Remote Research: Flora at Home

Throughout the world, closures and lockdowns aimed to stop the spread of COVID-19 have disrupted many people’s lives and work. As a global institution, the Missouri Botanical Garden does research around the world, making travel restrictions a major hindrance. The “stay at home” order means staff has lost access to the Garden’s herbarium and labs, too.

But of course, they’ve adapted. Some are using the time to catch up on data analysis. Others are completing manuscripts, which communicate the findings of their work, and floras, a descriptive list of plants in a particular region. And in more remote locations, like protected sites in Madagascar, conservation efforts go on.

“None of us are running out of stuff we can do,” says Jim Miller , Senior Vice President of Science and Conservation.  “Everybody’s got a laptop, we’re all able to work.”

Field trips to South America and studying specimens at the Garden are off the table for Carmen Ulloa, but she can still work on one of her largest projects, Flora Mesoamericana, at home. The flora is one of the Garden’s major international floristic projects, documenting the rich diversity of plants that occur from the isthmus of Yucatan in Mexico south to Panama. At home, she has access to online databases including the Biodiversity Heritage Library and the Garden’s Tropicos, which contain amazing quantities of information that are indispensable in Ulloa’s work. 

There are still some hindrances, however. A key component of a flora is verifying source information from a library, which Ulloa can’t do until the doors to the Peter H. Raven Library reopen. And, even though a recent volume was printed, the Garden being closed means that volume will remain in Michigan at the printer.  Until the book, which includes descriptions of new species, is physically distributed, it technically hasn’t been “published.”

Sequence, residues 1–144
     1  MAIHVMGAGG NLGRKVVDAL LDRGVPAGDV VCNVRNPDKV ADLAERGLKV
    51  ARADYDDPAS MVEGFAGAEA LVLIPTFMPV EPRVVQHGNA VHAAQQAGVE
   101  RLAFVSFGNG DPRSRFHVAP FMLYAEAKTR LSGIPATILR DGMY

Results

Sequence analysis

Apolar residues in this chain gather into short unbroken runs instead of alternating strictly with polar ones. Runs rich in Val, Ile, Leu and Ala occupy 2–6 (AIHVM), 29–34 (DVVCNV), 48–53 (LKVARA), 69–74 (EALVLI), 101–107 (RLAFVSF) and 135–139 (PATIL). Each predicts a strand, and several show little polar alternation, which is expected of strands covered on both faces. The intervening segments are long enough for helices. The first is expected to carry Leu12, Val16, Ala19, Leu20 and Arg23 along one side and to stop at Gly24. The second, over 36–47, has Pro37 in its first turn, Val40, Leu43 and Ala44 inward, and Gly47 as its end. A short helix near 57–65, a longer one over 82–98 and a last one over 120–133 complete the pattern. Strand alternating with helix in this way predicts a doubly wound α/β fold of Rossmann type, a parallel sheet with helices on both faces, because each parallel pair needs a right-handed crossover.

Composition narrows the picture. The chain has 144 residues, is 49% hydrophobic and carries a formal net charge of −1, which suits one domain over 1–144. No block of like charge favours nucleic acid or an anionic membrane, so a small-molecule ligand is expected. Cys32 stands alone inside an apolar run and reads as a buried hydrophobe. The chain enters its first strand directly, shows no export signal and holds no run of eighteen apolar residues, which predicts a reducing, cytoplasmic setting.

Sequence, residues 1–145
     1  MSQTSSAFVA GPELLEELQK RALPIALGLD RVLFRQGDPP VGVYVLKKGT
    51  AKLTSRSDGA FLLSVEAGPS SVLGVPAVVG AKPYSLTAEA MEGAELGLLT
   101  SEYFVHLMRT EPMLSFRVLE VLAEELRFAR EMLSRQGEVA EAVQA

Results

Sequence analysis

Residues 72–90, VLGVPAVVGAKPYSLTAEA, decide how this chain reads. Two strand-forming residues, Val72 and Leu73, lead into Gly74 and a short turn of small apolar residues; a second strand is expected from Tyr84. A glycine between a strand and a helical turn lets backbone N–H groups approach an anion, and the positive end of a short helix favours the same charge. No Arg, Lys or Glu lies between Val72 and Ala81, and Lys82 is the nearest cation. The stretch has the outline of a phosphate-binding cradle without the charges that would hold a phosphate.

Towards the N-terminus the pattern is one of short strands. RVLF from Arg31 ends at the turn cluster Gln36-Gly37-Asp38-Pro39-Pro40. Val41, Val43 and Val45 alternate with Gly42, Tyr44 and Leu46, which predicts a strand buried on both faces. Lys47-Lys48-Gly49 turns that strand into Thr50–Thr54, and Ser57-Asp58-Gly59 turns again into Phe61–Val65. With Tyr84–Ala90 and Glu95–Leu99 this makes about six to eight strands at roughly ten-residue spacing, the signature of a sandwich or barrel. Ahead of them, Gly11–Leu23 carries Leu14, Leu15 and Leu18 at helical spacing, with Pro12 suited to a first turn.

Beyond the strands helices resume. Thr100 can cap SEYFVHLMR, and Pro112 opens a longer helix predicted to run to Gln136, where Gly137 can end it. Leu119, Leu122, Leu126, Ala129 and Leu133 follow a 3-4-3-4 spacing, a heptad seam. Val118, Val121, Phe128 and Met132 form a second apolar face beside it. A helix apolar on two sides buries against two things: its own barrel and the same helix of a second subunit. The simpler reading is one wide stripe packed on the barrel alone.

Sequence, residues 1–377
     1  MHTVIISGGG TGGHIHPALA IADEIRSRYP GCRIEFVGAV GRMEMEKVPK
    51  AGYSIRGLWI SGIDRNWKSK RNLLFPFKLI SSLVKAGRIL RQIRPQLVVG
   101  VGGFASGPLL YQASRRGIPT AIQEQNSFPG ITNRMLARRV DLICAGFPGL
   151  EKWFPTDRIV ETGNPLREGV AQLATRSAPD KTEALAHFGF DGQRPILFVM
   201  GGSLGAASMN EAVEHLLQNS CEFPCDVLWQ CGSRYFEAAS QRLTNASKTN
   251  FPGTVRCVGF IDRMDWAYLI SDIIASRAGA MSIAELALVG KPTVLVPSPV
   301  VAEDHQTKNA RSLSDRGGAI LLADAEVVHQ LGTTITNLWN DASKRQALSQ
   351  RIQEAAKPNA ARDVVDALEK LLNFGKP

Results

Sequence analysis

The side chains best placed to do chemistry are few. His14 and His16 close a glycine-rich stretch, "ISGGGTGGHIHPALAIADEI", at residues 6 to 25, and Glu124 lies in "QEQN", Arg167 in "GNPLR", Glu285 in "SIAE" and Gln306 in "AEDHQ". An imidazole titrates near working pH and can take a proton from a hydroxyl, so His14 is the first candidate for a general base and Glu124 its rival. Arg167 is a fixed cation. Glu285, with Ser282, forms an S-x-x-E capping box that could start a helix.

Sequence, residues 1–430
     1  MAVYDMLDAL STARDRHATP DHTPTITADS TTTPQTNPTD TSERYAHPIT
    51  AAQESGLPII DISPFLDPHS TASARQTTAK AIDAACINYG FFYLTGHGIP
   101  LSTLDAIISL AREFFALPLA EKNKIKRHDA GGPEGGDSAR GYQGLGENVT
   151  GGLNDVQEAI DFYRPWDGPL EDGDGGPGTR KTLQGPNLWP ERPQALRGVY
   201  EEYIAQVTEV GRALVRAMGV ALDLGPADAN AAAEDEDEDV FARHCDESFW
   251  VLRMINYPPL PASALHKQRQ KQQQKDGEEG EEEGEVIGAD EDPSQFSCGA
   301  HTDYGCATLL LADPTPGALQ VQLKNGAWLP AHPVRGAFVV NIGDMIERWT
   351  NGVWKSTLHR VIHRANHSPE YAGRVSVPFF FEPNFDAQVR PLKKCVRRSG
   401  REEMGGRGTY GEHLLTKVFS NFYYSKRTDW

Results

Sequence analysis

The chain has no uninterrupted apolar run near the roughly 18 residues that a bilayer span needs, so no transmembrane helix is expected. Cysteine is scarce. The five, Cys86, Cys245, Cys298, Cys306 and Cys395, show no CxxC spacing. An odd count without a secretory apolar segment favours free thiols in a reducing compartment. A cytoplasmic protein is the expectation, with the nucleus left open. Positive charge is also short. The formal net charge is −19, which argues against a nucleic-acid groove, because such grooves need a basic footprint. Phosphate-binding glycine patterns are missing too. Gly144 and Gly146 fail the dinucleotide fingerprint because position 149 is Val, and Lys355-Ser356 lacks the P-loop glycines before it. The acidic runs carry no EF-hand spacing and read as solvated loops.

While the hold ups can be frustrating, Ulloa tries to see the bright side.

“Takes me back to past centuries when date of publication had to be figured out going deep into records, letters, etc!” she says.

Outside of the flora, her planned trip to Bogotá to discuss issues of the Amazon region with international colleagues became a virtual meeting. 

“Amazing technology, yes, with some 100 participants, but interaction was extremely limited and although we kicked-off the project, most of the agenda items will be moved to online collaborations,” Ulloa explains. “ Not even seeing the face of all of your group participants was strange.”

And at home, she’s gotten creative with her work space. Missing her ergonomic office setup, she came up with her own version at home using an ironing board that allows her to adjust the height.

While the COVID-19 pandemic has disrupted every facet of our lives, the Garden’s critical work conserving plant life goes on. These efforts would not be possible without your support. Consider helping us continue our mission in these uncertain times by becoming a member or making a donation.

Catherine Martin
Public Information Officer

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